If I were a betting man, I'd wager that you've seen this image from 1932 of construction workers sitting on an iron beam, called "Lunch Atop A Skyscraper." I'd also wager that you hadn't thought much about the photographers that took the image.
In this video published by Time magazine in their series "100 Photos," which explores some of the world's most iconic images, we get to go behind the scenes and see what it was like to be an ironworker up on a skyscraper in New York in the 1930s and get a glimpse of what it was like to be a photographer alongside them. And the short version is this: these photographers had a lot more courage than you or me.
Their attitude, their casualness, the indifference to the risk that they're taking is what separates the photograph. You see the picture once, you never forget it.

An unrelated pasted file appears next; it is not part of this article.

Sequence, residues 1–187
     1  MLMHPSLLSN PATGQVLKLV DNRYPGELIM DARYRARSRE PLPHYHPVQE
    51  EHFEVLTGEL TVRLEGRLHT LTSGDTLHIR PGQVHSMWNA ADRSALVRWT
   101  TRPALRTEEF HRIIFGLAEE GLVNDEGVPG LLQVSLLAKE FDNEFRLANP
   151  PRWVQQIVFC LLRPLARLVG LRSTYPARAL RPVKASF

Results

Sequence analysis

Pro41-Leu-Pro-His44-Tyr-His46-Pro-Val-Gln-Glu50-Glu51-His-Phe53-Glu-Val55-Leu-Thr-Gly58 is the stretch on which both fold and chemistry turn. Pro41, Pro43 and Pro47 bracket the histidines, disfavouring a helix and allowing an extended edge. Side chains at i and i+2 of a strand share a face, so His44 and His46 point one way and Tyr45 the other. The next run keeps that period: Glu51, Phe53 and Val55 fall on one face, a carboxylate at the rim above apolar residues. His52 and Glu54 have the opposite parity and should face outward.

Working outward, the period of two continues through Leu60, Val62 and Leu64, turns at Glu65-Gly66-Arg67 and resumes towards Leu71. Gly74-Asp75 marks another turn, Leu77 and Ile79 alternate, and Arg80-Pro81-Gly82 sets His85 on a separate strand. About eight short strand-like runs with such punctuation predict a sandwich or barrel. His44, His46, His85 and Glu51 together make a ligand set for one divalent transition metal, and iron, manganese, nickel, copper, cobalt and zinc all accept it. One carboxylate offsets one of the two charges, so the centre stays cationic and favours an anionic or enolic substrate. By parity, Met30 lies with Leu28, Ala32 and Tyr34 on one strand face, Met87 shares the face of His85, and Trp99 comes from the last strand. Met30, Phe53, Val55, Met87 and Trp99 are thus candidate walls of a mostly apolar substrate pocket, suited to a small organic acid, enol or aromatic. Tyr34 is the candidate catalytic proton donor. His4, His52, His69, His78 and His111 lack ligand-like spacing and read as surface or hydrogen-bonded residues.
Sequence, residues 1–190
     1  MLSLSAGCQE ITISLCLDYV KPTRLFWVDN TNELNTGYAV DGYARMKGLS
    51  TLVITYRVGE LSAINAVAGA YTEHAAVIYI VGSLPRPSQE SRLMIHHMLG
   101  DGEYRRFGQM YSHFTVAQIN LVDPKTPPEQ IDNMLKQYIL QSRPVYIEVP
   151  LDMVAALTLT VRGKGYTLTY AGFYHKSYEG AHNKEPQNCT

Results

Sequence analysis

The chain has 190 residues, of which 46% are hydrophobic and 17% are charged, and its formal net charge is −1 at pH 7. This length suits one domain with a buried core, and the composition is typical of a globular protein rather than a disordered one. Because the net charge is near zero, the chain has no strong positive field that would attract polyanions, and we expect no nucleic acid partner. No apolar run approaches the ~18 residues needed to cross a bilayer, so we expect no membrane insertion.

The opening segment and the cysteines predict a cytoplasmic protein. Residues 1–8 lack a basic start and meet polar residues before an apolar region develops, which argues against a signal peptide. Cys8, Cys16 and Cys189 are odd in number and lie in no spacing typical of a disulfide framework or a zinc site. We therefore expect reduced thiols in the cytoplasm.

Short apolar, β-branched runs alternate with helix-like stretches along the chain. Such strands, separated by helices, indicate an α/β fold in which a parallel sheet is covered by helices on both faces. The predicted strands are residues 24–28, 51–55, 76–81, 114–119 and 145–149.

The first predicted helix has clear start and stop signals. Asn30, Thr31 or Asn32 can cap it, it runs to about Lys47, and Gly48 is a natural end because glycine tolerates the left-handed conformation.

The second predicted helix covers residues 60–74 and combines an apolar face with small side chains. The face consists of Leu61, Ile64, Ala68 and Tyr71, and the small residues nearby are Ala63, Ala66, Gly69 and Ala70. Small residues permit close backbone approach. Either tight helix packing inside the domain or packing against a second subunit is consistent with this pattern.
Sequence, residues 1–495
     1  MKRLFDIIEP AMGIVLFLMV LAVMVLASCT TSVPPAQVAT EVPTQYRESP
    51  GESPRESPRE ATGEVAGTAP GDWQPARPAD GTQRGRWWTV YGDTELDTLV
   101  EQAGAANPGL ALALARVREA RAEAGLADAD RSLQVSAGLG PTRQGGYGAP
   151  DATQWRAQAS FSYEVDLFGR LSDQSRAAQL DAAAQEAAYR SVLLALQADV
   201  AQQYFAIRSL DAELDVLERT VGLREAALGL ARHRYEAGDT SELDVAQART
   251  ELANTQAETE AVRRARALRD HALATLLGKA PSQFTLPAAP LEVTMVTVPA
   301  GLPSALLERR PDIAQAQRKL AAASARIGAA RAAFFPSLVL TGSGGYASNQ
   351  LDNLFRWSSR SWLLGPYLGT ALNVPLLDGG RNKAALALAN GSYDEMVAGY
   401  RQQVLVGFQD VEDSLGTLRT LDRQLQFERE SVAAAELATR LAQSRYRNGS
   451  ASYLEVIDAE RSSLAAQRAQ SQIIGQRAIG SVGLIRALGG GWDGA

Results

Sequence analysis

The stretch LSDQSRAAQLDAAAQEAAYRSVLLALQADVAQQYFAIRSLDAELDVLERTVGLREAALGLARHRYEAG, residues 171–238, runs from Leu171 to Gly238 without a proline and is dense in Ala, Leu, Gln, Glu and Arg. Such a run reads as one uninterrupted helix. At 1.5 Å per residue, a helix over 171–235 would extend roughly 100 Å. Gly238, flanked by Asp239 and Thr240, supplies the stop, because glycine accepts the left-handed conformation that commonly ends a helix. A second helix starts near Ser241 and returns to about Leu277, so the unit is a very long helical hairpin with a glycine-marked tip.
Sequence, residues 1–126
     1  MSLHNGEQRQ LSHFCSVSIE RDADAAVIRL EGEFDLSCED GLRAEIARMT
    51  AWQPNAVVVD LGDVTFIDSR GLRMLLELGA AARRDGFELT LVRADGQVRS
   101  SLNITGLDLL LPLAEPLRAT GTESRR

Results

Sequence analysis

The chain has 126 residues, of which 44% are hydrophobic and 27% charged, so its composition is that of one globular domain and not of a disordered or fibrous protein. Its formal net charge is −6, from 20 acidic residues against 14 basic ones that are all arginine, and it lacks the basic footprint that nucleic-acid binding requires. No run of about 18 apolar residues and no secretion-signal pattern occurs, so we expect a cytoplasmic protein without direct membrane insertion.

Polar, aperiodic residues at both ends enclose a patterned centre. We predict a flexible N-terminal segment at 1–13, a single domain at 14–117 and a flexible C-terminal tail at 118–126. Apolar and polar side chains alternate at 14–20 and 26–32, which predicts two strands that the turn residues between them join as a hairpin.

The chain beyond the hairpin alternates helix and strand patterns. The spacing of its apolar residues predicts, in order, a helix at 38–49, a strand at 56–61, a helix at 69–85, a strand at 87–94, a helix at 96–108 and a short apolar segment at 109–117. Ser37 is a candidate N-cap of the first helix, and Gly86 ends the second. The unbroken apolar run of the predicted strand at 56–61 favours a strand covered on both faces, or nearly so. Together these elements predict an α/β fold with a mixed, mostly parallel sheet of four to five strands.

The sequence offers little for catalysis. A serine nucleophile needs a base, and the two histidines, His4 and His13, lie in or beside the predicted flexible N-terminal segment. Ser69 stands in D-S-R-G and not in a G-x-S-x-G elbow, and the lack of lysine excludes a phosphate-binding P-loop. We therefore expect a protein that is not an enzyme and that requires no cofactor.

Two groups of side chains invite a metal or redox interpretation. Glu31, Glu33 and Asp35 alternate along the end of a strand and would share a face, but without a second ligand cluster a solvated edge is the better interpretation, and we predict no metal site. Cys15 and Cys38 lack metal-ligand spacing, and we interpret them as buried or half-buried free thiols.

Irishmen, Native Americans, and other immigrants from all over the world worked together as ironworkers to build up New York — literally — and the photographers that created images of them had to be right up there as well. No ropes, no safety nets, no climbing harnesses, no hard hats. Just giant, heavy, cumbersome cameras held by photographers with bags of glass plates strapped to their backs and nerves of steel. Can you imagine changing plates while balancing on an iron beam 800 feet above Manhattan with nothing to make sure you didn't slip and fall?
Sometimes, it's good to think back on how far our industry (and our safety) have come.
Click here for a more detailed look at the image.